Friday, September 22, 2006

Words Fail Me

And it take a lot for that to happen. But I'm so elated/emotionally-gutted at the double-return of The Office and Grey's, I'm speechless. Yes, dear readers, this is what rocks my world: the return of fall TV. I don't want to post anything too spoiler-y for those of you who are Tivo-ing, so I'll just say this. Yummy, teary McDreamy! And please, more JAM!!

Alas, since I'm out of words, I'm turning the blog over to you folks today. Here's a question to which I have no answer...other than MediaBistro, which seems so obvious that it's embarrassing because it just demonstrates that I have no answer.

Question: Can you recommend any job boards?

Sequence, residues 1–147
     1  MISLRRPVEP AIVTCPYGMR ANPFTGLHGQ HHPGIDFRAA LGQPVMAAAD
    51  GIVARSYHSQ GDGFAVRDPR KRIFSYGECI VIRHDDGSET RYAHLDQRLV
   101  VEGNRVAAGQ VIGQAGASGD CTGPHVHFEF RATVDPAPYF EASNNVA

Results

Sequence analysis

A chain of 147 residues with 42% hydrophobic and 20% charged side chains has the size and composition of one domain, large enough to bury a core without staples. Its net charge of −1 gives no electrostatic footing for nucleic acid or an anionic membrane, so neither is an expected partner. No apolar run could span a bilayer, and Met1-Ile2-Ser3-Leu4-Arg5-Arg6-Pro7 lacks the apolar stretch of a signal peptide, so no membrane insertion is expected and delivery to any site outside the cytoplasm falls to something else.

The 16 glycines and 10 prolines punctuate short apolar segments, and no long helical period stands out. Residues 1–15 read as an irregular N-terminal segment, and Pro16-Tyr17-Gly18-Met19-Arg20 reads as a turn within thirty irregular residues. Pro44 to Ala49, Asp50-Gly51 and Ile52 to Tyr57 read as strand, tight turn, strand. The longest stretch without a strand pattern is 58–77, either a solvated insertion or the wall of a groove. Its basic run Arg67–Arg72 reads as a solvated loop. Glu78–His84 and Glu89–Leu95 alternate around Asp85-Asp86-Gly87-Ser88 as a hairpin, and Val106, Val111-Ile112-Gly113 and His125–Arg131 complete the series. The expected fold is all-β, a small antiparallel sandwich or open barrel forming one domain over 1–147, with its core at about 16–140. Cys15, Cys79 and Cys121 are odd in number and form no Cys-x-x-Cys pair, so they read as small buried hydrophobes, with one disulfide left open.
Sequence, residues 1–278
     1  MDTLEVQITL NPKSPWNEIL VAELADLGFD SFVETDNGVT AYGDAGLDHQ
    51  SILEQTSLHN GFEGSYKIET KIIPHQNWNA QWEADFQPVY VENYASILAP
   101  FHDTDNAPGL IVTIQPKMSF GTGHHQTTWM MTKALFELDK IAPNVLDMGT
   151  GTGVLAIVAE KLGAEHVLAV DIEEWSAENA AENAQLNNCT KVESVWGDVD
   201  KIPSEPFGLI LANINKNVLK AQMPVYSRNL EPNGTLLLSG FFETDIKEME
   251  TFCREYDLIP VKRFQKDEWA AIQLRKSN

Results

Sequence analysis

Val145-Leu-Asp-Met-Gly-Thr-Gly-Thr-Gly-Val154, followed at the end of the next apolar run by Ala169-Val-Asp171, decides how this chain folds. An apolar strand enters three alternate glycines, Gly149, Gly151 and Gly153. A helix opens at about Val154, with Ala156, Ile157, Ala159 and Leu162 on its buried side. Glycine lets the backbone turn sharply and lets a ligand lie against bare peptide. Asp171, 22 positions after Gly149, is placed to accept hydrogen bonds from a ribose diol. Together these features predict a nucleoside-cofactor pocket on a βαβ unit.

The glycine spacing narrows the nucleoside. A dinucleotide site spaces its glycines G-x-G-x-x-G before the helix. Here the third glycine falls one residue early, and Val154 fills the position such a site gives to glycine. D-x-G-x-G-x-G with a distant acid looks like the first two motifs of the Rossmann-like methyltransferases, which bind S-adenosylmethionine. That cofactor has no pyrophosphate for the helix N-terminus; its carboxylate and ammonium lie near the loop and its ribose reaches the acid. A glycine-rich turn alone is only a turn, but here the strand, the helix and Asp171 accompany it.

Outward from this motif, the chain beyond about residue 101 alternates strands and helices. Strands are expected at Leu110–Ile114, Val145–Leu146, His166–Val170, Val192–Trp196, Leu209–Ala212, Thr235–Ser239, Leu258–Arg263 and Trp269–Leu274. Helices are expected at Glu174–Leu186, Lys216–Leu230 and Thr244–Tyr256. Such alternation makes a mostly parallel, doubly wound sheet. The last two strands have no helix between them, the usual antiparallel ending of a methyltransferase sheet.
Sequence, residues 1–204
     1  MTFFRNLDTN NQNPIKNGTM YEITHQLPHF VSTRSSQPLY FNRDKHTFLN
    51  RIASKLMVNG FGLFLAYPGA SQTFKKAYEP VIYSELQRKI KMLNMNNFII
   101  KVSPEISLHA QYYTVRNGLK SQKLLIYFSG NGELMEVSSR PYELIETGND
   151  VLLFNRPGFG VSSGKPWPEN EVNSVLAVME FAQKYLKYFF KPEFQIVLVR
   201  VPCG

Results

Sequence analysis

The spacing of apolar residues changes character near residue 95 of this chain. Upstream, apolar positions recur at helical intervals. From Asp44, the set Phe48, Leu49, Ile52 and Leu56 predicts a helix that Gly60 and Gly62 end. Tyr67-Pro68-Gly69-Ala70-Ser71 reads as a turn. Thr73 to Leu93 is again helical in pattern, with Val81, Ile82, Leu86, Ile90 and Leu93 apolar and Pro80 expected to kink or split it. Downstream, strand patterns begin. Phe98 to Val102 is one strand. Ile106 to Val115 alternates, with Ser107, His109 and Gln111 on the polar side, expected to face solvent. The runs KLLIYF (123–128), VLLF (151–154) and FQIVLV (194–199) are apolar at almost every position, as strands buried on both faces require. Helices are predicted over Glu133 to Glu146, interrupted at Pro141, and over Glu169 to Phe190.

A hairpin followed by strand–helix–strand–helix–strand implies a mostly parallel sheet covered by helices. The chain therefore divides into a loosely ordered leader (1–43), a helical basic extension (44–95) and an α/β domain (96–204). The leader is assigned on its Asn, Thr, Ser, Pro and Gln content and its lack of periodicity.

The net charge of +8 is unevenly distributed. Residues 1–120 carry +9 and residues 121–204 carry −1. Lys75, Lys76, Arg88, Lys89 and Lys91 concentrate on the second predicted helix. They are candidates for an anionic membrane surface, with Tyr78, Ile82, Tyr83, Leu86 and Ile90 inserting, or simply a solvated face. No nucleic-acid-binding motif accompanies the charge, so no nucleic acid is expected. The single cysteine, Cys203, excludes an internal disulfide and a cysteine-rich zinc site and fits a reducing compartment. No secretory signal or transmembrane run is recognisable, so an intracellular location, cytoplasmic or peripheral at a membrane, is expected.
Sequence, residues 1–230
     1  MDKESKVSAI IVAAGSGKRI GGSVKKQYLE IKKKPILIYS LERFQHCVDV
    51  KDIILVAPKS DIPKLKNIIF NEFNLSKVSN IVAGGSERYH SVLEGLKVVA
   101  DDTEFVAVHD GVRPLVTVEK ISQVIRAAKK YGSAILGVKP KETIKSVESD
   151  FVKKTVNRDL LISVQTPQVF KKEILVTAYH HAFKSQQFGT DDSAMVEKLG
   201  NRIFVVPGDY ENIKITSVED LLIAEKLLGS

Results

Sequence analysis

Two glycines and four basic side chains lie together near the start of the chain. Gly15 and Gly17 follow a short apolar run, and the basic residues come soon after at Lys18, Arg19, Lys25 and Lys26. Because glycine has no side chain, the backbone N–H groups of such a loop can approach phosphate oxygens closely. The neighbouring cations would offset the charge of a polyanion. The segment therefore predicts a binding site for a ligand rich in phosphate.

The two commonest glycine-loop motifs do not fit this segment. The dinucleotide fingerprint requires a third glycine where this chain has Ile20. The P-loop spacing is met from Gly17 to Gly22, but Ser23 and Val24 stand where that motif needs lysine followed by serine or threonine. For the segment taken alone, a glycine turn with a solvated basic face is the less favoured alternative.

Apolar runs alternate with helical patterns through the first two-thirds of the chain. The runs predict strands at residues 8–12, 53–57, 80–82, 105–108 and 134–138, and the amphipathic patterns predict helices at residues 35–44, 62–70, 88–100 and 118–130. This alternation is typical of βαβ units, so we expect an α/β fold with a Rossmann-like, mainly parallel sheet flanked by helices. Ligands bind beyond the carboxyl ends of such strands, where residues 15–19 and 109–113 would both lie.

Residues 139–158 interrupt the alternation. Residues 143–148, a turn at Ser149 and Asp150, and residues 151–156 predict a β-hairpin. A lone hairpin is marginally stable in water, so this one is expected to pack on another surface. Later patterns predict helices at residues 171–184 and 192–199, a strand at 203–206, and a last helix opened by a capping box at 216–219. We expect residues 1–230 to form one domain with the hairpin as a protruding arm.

If you guys can kindly help out the reader who is looking for a few good online resources, I'm sure that she would appreciate it!

Thursday, September 21, 2006

12 Hours and Counting...

Until my two favorite shows kick off the season! I cannot WAIT for some JAM-ily goodness, not to mention a dose of McDreamy medicine, but in the meantime, I'll settle for these. If you haven't seen them (um, not that I've watched either more than once...or twice), and you're a fan of either The Office or of Grey's Anatomy, I suggest you check 'em out!

The Office: Jim and Pam Forevah!

Grey's: The Fray video

Enjoy! (And for writing stuff, keep reading below....)

And I'd Like to Thank...

I was hoping you could cover something I haven't seen anywhere else: Expert/source etiquette. a) How do you thank them? b) Do they get copies of what you've written from the magazine itself, or should you as a courtesy provide them a copy? c) If you decide to spin your original interview material in a different direction for different articles, do you need to seek their permission? Any help would be appreciated.